Book Review: The Innovator's Guide to Growth
I really liked The Innovator's Guide to Growth because it attempts to take all the great concepts about innovation and break them down into an actual guide that an innovator could follow to bring more innovation to his or her company. This book has a lot of good templates, forms and examples to help a nascent innovation leader define the innovation intent and goals and convince the management team to engage in an ongoing program of innovation.
The book is breaks down into five sections: precursors to innovation, identifying opportunities, formulating and shaping ideas, building the business and supporting systems and structures. Key points from each section:
- A firm can't innovate successfully until it's house is in control and a good game plan is in place
- Many innovation opportunities exist in "nonconsumers" (think the unbanked or un-insured) or in situations where products and services "overmeet" the needs of customers (think Southwest in airlines)
- The chapters on identifying ideas spend a significant amount of time on defining the "jobs" that people want to complete - again harking back to Christensen's books and to the concept of Outcome-Driven innovation which has also been popularized by Strategyn.
- Developing and shaping ideas focuses on refining ideas and targeting opportunities using a strategy map borrowed from Blue Ocean strategy and using innovation techniques such as ideation sessions, analogies and internal and external submissions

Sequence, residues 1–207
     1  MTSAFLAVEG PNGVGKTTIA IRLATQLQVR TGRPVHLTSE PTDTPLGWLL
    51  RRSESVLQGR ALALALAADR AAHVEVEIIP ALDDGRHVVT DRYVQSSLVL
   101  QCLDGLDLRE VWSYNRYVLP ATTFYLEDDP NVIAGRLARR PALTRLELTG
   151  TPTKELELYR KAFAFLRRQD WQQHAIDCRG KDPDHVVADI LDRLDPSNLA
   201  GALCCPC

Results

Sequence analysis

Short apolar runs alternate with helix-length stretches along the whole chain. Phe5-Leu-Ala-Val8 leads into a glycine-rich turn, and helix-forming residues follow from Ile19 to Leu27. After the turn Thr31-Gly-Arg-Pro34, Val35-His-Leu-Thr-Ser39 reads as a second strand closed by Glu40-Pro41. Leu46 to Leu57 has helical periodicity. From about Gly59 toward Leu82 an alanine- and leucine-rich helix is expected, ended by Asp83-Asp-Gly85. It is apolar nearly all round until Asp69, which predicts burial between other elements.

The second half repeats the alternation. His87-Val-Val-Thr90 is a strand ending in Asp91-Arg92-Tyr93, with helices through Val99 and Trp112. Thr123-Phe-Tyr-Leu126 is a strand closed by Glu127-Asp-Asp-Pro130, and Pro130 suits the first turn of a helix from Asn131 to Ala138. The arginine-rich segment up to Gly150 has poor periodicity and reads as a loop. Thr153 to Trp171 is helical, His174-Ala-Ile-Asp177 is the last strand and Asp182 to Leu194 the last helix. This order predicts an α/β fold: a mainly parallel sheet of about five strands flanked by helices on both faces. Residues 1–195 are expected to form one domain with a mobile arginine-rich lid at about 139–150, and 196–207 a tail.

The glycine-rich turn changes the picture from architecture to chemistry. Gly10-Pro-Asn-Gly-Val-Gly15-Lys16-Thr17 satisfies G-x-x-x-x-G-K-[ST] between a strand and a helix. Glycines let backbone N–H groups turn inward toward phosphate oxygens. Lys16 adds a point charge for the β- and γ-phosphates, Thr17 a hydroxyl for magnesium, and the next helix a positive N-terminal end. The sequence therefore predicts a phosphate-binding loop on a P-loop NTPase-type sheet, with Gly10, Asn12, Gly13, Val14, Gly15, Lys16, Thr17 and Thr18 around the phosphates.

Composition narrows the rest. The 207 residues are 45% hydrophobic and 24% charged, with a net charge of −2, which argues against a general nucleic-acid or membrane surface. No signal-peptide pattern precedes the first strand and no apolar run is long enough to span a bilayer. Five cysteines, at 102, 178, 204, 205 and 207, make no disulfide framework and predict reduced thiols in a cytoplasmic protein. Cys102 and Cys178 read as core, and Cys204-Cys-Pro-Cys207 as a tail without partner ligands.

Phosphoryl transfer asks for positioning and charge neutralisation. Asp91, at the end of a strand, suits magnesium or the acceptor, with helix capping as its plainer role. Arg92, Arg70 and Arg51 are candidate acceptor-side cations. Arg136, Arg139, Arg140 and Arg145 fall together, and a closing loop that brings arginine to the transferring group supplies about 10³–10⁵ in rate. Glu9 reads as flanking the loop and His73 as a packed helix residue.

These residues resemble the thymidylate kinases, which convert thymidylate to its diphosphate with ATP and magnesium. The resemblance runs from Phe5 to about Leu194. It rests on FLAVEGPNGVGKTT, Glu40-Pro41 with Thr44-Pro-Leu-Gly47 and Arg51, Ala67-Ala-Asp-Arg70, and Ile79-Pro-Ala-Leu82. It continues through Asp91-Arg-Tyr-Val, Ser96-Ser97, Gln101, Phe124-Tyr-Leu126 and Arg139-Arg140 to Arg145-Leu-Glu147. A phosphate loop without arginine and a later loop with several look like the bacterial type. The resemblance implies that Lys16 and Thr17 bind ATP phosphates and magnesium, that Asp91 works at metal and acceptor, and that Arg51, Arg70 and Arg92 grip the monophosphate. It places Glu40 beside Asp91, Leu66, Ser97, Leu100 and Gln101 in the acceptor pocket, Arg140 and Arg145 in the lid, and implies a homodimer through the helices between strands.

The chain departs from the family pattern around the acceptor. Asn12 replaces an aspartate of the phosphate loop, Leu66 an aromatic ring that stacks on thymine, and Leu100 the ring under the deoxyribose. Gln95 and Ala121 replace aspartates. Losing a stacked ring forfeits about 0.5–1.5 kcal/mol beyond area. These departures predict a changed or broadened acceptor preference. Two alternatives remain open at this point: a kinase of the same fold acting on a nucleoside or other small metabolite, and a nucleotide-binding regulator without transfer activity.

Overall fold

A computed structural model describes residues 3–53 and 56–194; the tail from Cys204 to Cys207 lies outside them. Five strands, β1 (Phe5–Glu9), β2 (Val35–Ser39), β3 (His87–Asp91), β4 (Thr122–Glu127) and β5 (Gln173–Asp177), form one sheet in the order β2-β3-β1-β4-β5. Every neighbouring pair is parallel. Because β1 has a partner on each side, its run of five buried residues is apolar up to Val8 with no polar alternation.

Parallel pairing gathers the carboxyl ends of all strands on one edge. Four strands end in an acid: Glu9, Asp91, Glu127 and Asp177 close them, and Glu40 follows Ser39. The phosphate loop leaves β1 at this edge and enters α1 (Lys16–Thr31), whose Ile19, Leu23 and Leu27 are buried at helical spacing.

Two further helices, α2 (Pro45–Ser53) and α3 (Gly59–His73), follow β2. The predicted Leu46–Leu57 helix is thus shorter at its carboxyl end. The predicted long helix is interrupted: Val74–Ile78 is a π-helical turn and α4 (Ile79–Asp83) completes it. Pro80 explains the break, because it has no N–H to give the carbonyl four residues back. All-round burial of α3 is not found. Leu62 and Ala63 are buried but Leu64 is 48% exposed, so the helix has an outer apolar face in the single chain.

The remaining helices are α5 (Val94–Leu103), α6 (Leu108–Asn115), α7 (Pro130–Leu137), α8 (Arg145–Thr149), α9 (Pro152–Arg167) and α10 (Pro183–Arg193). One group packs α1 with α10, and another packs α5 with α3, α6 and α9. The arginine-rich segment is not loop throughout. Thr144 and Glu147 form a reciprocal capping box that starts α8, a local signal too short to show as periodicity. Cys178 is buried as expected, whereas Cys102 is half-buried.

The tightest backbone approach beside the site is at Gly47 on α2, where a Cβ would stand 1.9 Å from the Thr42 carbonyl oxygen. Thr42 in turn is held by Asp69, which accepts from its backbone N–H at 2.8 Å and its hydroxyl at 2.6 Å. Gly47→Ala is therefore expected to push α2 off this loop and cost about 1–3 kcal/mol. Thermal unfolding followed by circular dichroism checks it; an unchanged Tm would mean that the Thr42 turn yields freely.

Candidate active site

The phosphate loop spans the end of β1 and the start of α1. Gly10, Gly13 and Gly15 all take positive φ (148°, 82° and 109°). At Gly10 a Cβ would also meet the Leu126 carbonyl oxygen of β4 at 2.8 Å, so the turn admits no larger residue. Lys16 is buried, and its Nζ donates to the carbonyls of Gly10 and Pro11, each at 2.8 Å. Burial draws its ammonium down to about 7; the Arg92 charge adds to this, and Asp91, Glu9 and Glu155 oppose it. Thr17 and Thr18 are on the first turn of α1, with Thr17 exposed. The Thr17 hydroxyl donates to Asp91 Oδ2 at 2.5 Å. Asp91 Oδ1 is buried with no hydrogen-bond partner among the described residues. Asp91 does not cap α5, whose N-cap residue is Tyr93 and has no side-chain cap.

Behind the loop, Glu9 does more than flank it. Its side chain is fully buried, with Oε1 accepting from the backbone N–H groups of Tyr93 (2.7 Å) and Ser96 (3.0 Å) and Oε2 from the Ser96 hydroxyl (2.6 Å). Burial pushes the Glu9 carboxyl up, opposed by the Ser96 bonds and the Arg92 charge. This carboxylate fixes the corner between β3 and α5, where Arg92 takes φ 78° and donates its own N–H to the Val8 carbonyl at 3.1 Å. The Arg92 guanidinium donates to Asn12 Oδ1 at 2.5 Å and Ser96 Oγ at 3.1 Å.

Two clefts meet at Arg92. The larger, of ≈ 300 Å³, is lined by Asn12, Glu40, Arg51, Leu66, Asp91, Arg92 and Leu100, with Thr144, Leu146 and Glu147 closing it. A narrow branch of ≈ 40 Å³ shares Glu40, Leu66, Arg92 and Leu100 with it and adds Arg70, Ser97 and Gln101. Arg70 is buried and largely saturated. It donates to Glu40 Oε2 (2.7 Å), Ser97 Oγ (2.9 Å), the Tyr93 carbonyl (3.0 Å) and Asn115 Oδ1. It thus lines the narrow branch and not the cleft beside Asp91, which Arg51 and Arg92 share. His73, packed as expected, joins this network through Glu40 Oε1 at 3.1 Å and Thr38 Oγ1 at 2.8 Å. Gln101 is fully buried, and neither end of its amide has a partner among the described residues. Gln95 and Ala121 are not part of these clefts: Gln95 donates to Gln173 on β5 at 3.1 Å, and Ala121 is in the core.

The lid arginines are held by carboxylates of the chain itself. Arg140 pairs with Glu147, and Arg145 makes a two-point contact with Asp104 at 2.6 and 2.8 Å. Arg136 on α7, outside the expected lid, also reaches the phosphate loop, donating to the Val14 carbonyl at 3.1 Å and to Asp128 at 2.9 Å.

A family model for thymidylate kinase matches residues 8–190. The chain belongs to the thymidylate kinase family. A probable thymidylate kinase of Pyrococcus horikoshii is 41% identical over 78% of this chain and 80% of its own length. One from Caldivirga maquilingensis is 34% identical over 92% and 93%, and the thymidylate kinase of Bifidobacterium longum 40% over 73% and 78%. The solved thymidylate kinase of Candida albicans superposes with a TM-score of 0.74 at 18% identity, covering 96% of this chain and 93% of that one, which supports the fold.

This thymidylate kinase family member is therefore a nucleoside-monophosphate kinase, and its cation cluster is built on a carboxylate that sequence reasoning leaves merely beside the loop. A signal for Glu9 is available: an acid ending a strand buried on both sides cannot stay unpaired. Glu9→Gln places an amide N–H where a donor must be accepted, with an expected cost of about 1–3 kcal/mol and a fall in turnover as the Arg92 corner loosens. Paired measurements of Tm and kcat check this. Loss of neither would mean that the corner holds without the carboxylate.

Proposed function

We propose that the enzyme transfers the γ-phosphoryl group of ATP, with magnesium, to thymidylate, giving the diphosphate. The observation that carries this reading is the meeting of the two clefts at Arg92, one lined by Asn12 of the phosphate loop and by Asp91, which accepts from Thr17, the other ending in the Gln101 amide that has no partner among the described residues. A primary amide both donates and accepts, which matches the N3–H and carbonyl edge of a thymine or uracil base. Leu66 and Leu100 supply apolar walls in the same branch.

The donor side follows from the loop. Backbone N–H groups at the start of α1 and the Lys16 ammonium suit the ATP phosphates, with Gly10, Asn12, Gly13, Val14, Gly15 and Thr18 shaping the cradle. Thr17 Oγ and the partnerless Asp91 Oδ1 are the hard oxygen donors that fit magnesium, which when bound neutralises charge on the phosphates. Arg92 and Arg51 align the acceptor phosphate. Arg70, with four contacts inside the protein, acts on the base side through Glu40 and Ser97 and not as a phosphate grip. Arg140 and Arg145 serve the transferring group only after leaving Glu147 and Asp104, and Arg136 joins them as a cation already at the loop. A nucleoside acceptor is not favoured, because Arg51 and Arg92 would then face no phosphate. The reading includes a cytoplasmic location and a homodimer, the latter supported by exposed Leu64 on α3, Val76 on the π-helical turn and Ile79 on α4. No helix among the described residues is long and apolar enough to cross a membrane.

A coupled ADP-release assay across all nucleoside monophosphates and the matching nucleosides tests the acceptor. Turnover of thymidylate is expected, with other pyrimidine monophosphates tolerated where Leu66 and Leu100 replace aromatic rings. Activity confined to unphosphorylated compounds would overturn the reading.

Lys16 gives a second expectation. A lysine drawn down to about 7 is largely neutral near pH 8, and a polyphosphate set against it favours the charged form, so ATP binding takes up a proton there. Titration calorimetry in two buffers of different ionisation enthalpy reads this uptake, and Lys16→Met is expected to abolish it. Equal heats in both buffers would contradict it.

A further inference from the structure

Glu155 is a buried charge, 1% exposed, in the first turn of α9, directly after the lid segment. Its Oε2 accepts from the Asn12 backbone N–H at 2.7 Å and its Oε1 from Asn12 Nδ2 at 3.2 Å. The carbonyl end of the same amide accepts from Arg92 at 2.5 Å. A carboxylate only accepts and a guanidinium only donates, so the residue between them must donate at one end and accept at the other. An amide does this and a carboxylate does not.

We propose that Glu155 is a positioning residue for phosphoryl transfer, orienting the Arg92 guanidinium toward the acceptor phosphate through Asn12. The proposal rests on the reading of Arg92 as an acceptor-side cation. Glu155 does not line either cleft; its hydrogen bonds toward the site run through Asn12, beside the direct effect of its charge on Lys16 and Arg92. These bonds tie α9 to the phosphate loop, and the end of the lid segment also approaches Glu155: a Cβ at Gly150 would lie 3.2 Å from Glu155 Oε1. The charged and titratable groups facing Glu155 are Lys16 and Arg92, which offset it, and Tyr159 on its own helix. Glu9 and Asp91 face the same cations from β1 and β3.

- I felt the chapter on assembling and managing project teams was fairly strong and identified a number of good points, especially on the interactions between an innovation team and the executive team, and the innovation team and the rest of the organization
- The chapter on innovation metrics should be must reading for any innovation program
There are a few quibbles I have with the book, however. The first two thirds of the book are really loaded with good advice, templates and forms and case studies. Somewhere in the late middle of the book, where the book begins to address refining ideas and building the innovation team, the book begins to become more theoretical and less practical. For example, what kinds of people or skill sets are better or worse for an innovation team? Should innovation be a centralized or decentralized capability? What are the best idea generation methods? What should an innovation process or methodology look like? What are the roles and responsibilities within innovation? These questions are addressed obliquely, if at all, and important topics like rewards and recognition and corporate culture are not addressed at all. Perhaps the team assumed these items are already addressed if the firm has decided to become more innovative.
While I have a number of concerns with the book as a practical methodology for deploying an innovation capability, I can wholeheartedly recommend the book, especially the first six chapters which focus on the alignment of innovation to corporate strategy and intent, and chapter eight, which is about building and managing innovation teams. I think that the segue in the middle and last third of the book from practical advice, templates and forms to more theoretical advice may align to the fact that the actual deployment of these programs is subject to many more variables, but I would have expected a bit more detail in the chapters on organizing to innovate. I will point out that chapter ten on innovation metrics, while a bit short, is an excellent overview and mirrors a lot of good advice on building innovation metrics and the expectations around innovation returns.
This book definitely belongs on the shelf of any executive considering an innovation program or initiative, and on the desk of any innovation leader.